To gain a better understanding of the nature of the higher-order PRH–DNA complexes described earlier, we incubated PRH oligomers with a 525-bp fragment of DNA encompassing the same array of Goosecoid PRH binding sites used in the previous experiments [Figure 3(a)] and viewed negatively stained samples using EM [Figure 3(b)]. In the presence of this DNA fragment, bead-like objects are visible and they associate in a side-by-side manner [Figure 3(b)]. Naked DNA provides very low contrast in transmission EM. Hence, as would be expected, in the absence of PRH protein uranyl acetate stained DNA alone is barely visible. At low numbers of ‘beads’, these assemblies are very similar to the model shown in Figure 2(d). As the number of ‘beads’ increases, complex assemblies are formed that appear mesh like. To determine whether long fragments of DNA are required to form these mesh-like assemblies, the experiment was repeated at the same protein:DNA ratio with small 30-bp oligonucleotides that each contain a single PRH binding site. In the presence of this oligonucleotides, there is very little alteration in the appearance of the protein under negative stain EM (data not shown). This suggests that long DNA fragments carrying arrayed PRH binding sites are required in order to form these assemblies.

Figure 3.
Electron microscopy of PRH with short and long DNA fragments. (a) A schematic of the DNA fragments used in the EM experiments shown here. The top line shows a 525-bp DNA fragment carrying Goosecoid sequences from –461 to +64 relative to the transcription ...

To examine the binding of PRH to much longer DNA fragments, the above experiment was repeated using either a linearized 6 kbp plasmid DNA that contains the Goosecoid promoter or the equivalent empty vector [Figure 3(a), line 2]. In the presence of the empty vector, we were unable to visualise either DNA or PRH–DNA complexes using negative stain TEM (data not shown). In contrast, in the presence of the plasmid DNA containing Goosecoid DNA sequences, highly compact PRH–DNA structures are observed [Figure 3(c)]. These complexes form fibres with diameters of around 200 Å that can appear to be highly condensed [Figure 3(c), left panels] or more loosely packaged [Figure 3(c), right panel]. These fibres are very different from the spherical particles formed by PRH alone, although the diameter of the fibre is roughly similar to the diameter of the spheres observed using EM.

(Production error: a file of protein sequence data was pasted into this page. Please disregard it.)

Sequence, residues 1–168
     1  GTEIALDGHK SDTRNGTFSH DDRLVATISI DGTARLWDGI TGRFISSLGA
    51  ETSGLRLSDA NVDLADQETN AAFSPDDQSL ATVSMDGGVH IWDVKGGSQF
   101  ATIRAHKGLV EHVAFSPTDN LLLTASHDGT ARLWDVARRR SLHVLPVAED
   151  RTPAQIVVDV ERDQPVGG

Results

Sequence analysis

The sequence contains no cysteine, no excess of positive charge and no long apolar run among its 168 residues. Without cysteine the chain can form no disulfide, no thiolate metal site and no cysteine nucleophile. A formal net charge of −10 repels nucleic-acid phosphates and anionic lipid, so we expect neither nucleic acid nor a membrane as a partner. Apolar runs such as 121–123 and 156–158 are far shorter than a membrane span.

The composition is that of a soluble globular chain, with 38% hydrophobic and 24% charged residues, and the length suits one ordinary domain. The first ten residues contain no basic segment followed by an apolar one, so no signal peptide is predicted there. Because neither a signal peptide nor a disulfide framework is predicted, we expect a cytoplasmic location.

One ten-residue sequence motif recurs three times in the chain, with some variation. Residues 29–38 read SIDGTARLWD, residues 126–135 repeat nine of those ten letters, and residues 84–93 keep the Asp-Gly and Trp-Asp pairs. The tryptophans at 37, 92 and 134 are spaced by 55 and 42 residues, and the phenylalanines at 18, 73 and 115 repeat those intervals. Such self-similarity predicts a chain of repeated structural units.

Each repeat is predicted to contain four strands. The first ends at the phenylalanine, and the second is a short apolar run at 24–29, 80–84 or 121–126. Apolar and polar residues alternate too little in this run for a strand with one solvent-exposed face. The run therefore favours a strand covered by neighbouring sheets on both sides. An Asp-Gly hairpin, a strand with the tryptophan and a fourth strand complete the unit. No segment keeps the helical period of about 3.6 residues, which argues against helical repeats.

DNA compaction by PRH in solution

In order to follow the formation of the very large PRH–DNA assemblies observed above in solution we made use of ultraviolet (UV) flow-oriented LD (24). This technique can report on the compaction and flexibility of DNA or other macromolecules such as protein fibres, which can be uniformly oriented. Molecules are oriented in solution in one direction by rotation in a Couette. The absorbance of linearly polarized light parallel and perpendicular to an orientation direction, by directionally oriented molecules, is measured and the difference in the absorbances results in an LD signal. In the case of DNA, the difference in absorbance of linearly polarized light (at 260 nm), in parallel and perpendicular directions, by electrons of the DNA bases is the negative minimum. This indicates that the bases lie in a more perpendicular than parallel orientation to the DNA helix axis. Proteins that bind to DNA alter the LD signal in a specific way, resulting in an increased or a decreased negative LD signal at 260 nm together with LD signals arising from the protein itself. Protein fibres containing aromatic residues such as tyrosine, tryptophan and phenylalanine can give LD signals at 280 nm, but the strongest of these signals emanate from absorbance by the peptide backbone chromophore and are in the far UV (190–220 nm).

We used LD to examine the binding of PRH and the isolated PRH homeodomain to the linearized 6 kbp plasmid DNA that contains the Goosecoid promoter and the linearized empty vector [Figure 4(a), lines 1 and 2]. LD signals were recorded for DNA alone or DNA in the presence of PRH proteins. Figure 4(b) shows that the 260-nm LD signal for the plasmid lacking Goosecoid sequences becomes less negative upon incubation with the isolated PRH homeodomain (PRH–HD). This LD signal change indicates that the DNA bases are less perpendicular to the helical axis in the presence of PRH–HD and therefore that PRH–HD has increased DNA flexibility. This suggests that PRH–HD binds to ATTA-like sequences in the plasmid and/or possesses high non-specific DNA-binding activity. In contrast, the negative LD signal for this empty vector plasmid DNA does not alter in the presence of full-length PRH [Figure 4(c)]. These data suggest that, as might be expected, the full-length oligomeric PRH protein has increased DNA-binding specificity compared to the isolated homeodomain.

Figure 4.
Linear dichroism indicates DNA compaction by PRH in solution. (a) A schematic of the DNA fragments used in LD experiments. The top line shows pGL2-basic linearized by digestion with BamHI. The middle line shows pGL2-Gsc linearized using the same restriction ...